Tiger Trails OMeara McGinley by Six

By Sports NetworkMarch 6, 2004, 5:00 pm
DUBAI, United Arab Emirates -- Mark O'Meara carded a 4-under 68 Saturday to grab a share of the lead through three rounds of the Dubai Desert Classic. O'Meara stands alongside Paul McGinley (69) at 14-under-par 202.
Brian Davis matched McGinley's 69 to move into third place at 11-under-par 205. Paul Casey and Simon Dyson each carded rounds of 2-under 70 to move into a tie for fourth at minus-9. They are joined there by first-round leader Bradley Dredge, who shot an even-par 72.
Tiger Woods seemed to battle his swing throughout the round, but still managed a 3-under 69. He shares seventh place at 8-under-par 208.
After a pair of fog delays the first two days, 78 players finished their second rounds Saturday morning. Among the leaders, Dredge saw the most action Saturday as he played 27 holes.
O'Meara started the third round at Emirates Golf Club one shot behind McGinley. Neither player made a move early as they each posted pars over the first six holes.
The duo finally got on the board with back-to-back birdies from the seventh. At the seventh O'Meara chipped in for birdie to briefly tie McGinley for the lead, but McGinley responded by sinking a 15-footer for birdie to reclaim the top spot.
At the next, O'Meara again birdied to tie the Irishman, but McGinley kicked in a three-footer to stay on top. Both men parred the next three holes around the turn.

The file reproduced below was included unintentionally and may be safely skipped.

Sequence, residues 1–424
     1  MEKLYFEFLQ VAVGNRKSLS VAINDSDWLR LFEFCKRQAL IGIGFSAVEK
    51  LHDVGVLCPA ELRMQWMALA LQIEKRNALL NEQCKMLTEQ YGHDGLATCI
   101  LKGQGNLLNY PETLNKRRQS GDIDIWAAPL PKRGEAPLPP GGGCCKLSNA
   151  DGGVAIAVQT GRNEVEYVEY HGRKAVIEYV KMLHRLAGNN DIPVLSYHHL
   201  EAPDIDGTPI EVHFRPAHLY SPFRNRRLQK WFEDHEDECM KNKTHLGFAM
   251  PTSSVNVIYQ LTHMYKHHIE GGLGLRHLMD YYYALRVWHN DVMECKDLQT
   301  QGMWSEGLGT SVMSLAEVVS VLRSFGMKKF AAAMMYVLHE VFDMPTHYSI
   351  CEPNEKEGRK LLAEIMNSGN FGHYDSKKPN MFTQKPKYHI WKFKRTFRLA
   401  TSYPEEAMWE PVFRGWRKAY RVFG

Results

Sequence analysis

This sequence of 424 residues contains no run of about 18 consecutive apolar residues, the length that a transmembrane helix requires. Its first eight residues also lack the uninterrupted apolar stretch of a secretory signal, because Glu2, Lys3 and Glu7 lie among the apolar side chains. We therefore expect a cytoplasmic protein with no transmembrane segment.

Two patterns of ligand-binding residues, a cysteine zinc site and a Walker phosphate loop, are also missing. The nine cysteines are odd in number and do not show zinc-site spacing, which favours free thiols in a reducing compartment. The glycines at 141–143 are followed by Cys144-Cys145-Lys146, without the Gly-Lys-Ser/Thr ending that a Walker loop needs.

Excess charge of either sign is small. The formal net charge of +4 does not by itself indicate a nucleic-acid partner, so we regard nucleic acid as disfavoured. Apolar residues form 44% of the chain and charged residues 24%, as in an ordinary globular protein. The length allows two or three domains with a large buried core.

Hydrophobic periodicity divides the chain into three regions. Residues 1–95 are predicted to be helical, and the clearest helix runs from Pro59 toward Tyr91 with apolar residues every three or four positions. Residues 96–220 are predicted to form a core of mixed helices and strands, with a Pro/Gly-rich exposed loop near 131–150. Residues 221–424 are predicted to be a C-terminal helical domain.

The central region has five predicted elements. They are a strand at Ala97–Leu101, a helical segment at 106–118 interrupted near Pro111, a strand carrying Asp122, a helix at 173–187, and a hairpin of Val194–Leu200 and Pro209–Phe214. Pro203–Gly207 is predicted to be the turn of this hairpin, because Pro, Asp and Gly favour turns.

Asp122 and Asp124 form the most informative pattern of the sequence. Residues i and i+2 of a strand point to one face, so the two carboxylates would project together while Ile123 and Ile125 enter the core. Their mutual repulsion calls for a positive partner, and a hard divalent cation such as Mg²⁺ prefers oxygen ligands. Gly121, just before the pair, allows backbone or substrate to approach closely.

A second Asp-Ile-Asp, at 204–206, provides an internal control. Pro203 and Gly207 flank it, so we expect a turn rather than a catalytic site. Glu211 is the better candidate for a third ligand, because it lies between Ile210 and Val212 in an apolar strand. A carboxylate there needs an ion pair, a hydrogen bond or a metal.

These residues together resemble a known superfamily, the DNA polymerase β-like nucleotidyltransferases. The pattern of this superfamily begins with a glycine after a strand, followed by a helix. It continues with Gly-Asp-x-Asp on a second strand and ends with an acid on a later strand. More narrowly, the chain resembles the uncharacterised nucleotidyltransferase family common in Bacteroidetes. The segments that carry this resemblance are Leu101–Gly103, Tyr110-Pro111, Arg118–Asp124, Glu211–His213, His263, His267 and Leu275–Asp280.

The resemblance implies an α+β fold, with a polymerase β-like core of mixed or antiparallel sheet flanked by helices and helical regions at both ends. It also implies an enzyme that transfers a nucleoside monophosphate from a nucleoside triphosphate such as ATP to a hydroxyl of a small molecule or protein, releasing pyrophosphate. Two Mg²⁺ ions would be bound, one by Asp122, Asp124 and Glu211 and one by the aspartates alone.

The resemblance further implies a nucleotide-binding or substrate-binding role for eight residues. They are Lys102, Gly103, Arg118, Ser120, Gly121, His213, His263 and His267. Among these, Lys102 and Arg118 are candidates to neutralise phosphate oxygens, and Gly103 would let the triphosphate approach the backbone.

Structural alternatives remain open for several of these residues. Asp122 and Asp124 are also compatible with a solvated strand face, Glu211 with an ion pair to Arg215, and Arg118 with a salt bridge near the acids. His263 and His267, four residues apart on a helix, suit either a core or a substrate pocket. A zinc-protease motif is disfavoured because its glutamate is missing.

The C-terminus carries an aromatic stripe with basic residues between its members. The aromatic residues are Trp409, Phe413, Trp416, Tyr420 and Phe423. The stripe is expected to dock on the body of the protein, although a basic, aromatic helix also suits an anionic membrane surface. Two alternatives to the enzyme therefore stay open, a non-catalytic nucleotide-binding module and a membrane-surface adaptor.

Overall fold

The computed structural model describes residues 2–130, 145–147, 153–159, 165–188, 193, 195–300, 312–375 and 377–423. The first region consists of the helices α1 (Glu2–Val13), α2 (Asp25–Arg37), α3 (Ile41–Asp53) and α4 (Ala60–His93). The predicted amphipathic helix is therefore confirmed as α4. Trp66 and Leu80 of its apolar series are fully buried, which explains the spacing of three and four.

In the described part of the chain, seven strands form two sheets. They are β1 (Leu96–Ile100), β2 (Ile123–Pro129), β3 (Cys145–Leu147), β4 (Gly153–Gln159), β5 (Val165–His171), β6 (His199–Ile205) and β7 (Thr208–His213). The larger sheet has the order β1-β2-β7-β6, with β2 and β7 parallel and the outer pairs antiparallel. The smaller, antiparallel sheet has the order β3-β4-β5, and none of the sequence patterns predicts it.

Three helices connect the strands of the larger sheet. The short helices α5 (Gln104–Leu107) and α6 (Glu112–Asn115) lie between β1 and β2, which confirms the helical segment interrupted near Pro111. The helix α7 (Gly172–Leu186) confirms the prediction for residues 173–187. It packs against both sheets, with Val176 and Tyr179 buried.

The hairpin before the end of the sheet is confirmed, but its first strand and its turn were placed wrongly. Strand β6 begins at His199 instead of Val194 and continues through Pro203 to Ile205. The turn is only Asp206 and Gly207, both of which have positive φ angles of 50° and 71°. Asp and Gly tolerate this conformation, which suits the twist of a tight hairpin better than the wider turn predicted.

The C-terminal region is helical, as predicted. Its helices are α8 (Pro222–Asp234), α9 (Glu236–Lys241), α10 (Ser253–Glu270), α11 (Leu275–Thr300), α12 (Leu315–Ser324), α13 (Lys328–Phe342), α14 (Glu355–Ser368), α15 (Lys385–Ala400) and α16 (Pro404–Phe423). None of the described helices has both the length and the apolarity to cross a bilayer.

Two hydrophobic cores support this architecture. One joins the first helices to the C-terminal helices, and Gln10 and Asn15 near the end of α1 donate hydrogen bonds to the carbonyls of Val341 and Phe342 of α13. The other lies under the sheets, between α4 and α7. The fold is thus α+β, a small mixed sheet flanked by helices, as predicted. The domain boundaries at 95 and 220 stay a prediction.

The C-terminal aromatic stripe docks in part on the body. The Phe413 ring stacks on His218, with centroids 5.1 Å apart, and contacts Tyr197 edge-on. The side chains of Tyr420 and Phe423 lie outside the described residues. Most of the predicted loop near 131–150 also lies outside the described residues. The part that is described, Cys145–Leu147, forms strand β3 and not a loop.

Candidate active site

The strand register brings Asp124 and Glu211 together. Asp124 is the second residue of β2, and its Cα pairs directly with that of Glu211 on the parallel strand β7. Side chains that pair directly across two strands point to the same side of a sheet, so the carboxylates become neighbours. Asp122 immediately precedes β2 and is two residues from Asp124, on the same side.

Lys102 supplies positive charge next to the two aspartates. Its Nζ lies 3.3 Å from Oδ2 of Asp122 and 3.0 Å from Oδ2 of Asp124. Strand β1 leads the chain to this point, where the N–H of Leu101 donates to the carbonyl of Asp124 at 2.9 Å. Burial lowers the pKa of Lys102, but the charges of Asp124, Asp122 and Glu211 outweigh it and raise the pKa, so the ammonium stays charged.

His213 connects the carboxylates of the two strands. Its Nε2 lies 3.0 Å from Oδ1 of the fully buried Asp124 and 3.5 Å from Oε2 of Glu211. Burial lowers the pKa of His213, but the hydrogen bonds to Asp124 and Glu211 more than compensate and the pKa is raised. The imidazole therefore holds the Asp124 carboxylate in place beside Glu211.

O'Meara stumbled to a bogey at the 12th to fall two shots back after a poor tee shot. McGinley, meanwhile, continued to run off pars to stay in front.
O'Meara, who last won in 1998 when he titled at both The Masters and the British Open, began to make his move at the 14th after his approach shot hit the flag stick and stopped within 10 feet of the hole. He rolled in that birdie to get back within one shot of McGinley.
The American then drained a birdie putt from over 30 feet out at the 15th to grab a share of the lead. McGinley was unable to match O'Meara as his birdie try slid past the cup.
O'Meara then grabbed first place by himself at the 16th. He dropped his second shot within four feet and kicked in the birdie putt.
As darkness quickly fell over the course, O'Meara and McGinley with Dredge, their playing partner, rushed to complete the round. As the group ahead of them played out the par-5 18th, O'Meara and McGinley laid up with their second shots.
O'Meara knocked his third within 12 feet before McGinley knocked his third just over the back edge of the green. McGinley returned the favor to O'Meara as he chipped in for birdie and the tie. O'Meara left his birdie try hanging on the edge of the cup as the two men ended side-by-side atop the leaderboard.
'I can't focus on Tiger Woods. Certainly I wouldn't put it past him to come out and make a run tomorrow,' said the 47-year-old O'Meara. 'My concern, really, is to worry about myself. I'm not afraid of Tiger Woods, but I know what he's capable of. I think he's going to have to shoot pretty low tomorrow because I know Paul is playing well and there are other fine players, like Brian Davis, playing well too.'
'Nobody is ruled out of the equation. It's not just me and Mark,' McGinley stated. 'Anybody from six, seven, eight shots back can win if the wind blows because the course is playing that difficult. The course changed completely today. I seemed to be hitting away from the pins all day and if we get some wind tomorrow anybody could win from a long way back.
Woods got his round going with an up-and-down birdie at the par-5 third. At the fifth, he missed the green right and was unable to save par. He closed his front nine by rolling in an extremely long birdie putt on No. 8.
Around the turn, Woods continued to show his frustration. Several times he threw clubs after hitting his second shot, despite a couple of those shots finding the green. He two-putted for birdie at the par-5 13th and closed his round with an eight-foot birdie putt on the 16th.